Director's Cut: Every shadow tells a story: Michael Winner on the eccentricity, boldness and Hitchcockian surprises of The Third Man
Friday 07 October 1994
One scene I like takes place between Joseph Cotten and Alida Valli in her apartment. They're talking about Harry Lime, and she drops in this line about her cat. You think: 'Well, who cares?' The film's been rattling along a bit up to now, and this is not the most riveting conversation in it. But it's the old Hitchcock thing: you have a long scene where nothing much happens, and then suddenly you whip the bed back and there's a shrunken human head.
So, in The Third Man, then you get that wonderful cut to the darkened doorway downstairs, and you see a cat rubbing itself against a man's shiny, immaculate shoes. Some lights go on opposite and for a second they suddenly reveal Harry Lime. It's the first time you see him. And you just get this marvellous little Orson Welles smile before he runs off.
I've seen The Third Man probably about 60 times, and what strikes me most is its eccentricity. To have a single instrument, the zither, playing the entire music track, was very startling. It was very technically brave in that day to tilt the camera and to have freakish shadows on walls in almost surrealistic sets. I used
those enormous shadows a lot in the Death Wish films and I know how expensive it is - you need
five enormous arc lights, more or less on top of each other, to produce the one shadow.
The script was brilliantly explained. The number of times people say in that film: 'Harbin was the man at the hospital' - they never stop telling you about Harbin. So that, when you finally open the grave where Harry Lime is meant to be and - oh my God] It's Harbin] - you know exactly who he is. They plumbed it relentlessly. If I told a scriptwriter today to keep reminding the audience of something that's coming an hour later, he'd say: 'Oh, we can't put that in, people wouldn't say that in real life.'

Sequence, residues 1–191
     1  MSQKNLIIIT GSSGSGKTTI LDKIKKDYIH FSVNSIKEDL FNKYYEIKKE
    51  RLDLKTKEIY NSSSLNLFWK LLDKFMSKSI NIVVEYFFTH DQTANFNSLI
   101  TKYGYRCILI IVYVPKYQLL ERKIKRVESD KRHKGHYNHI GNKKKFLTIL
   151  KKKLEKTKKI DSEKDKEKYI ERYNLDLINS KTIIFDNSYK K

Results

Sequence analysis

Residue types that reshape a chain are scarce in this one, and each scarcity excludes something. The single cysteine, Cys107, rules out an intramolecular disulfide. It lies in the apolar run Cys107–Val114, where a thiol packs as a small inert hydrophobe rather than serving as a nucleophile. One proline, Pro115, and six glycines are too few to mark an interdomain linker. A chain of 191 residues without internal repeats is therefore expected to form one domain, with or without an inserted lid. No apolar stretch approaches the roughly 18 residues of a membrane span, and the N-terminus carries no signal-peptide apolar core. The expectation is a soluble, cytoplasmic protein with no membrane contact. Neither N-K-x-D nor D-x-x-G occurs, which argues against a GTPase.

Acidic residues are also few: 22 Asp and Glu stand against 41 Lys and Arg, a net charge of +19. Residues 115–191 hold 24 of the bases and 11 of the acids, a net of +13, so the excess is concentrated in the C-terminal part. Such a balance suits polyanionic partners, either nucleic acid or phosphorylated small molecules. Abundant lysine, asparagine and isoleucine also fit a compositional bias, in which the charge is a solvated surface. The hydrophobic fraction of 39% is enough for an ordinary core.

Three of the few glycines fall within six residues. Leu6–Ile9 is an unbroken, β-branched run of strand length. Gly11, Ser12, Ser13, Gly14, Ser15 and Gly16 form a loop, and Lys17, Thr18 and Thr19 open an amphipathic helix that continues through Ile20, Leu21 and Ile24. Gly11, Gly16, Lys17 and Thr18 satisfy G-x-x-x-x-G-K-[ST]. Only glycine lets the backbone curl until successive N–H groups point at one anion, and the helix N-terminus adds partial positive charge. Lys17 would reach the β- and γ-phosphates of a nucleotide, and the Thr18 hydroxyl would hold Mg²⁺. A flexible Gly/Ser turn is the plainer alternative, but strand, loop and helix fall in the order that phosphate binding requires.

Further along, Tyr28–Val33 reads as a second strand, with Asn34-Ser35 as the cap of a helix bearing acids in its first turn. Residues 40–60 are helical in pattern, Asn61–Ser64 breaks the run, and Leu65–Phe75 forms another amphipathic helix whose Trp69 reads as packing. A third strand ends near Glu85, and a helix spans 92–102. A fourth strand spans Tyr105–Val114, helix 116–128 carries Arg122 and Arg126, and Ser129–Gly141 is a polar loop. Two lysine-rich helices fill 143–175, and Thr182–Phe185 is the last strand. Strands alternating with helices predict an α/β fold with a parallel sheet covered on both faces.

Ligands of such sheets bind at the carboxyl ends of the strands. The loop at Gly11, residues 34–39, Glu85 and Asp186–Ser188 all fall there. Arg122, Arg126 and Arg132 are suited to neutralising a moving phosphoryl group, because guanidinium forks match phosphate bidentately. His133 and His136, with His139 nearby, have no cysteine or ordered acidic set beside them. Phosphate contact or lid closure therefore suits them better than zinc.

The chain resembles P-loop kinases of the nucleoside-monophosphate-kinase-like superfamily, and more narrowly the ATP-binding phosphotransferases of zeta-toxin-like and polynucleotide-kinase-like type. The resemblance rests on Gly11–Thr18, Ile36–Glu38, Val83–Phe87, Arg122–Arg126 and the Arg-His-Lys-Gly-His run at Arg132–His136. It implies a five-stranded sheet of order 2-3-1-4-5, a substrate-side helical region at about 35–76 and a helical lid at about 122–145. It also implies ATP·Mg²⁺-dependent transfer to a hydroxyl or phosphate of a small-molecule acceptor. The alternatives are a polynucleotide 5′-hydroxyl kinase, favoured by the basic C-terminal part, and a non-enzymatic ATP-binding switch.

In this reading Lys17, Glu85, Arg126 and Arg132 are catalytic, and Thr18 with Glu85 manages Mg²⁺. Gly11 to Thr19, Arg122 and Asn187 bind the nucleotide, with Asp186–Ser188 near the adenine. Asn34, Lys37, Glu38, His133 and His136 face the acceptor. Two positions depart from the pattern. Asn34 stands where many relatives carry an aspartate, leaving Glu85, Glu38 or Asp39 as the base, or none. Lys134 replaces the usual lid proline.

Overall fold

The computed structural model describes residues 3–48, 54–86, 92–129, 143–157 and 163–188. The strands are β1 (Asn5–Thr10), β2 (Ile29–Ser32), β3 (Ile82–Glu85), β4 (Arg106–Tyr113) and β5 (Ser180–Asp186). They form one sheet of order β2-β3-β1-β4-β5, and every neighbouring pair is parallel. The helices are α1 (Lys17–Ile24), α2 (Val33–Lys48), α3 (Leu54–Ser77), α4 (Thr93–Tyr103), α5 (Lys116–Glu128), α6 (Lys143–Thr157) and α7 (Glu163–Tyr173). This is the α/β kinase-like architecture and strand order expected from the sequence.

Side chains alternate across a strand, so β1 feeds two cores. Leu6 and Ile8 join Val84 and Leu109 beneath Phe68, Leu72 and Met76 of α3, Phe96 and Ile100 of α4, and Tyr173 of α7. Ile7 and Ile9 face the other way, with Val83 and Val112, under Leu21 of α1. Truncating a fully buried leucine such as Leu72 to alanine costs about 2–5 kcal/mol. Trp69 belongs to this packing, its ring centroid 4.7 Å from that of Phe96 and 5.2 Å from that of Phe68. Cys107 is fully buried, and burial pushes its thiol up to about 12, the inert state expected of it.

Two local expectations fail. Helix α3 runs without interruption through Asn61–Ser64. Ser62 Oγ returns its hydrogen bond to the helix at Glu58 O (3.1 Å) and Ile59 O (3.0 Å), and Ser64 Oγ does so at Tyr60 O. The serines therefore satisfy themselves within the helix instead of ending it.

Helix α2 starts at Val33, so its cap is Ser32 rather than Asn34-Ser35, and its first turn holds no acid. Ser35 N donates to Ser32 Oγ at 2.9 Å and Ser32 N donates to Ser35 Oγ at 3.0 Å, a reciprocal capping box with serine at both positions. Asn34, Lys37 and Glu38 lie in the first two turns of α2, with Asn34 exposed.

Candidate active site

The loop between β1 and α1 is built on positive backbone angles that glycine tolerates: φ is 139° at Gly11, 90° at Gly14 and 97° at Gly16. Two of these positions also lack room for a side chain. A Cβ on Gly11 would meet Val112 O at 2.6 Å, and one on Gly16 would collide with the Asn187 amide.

Everything the British Film Institute does is either not worth doing or controversial. But the restoration of prints of old films that would otherwise go to dust is incontrovertibly of great value and, when they said they were doing this, I said I would be happy to pay for one. It seems to me that any director or producer who can afford it should be ashamed of themselves if they don't.
Michael Winner presents a new print of 'The Third Man' at the NFT on 28 Oct at 8.45pm. Details: 071-928 3232
GlastonburyWI to make debut appearance at Somerset festival
TV reviewIt has taken seven episodes for Game of Thrones season five to hit its stride
FilmPalme d'Or goes to radical and astonishing film that turns conventional thinking about immigrants on its head
Arts & Ents blogs
- 1 Enrique Iglesias injured trying to catch a drone mid concert
- 2 Caitlyn Jenner, formerly Bruce Jenner, reveals new look on Annie Leibovitz shot Vanity Fair cover
- 3 Arsenal players boo chief-executive Ivan Gazidis after being told they would not get bonus for FA Cup triumph
- 4 Man on naked bike ride gets ejected after becoming aroused
- 5 UK weather: Temperatures set to soar making parts of Britain hotter than parts of the Mediterranean
Migrants in Kos: Photos show real tragedy after Brits abroad complain of 'awkward' holidays
British tourists complain that impoverished boat migrants are making holidays 'awkward' in Kos
Michael Gove determined to scrap the Human Rights Act – even if Scotland retains it
Thousands of teenage girls enduring debilitating illnesses after routine school cancer vaccination
Threat to scrap Human Rights Act could see UK follow Nazi example, warns UN official
Why this year's general election was the most unfair in Britain's history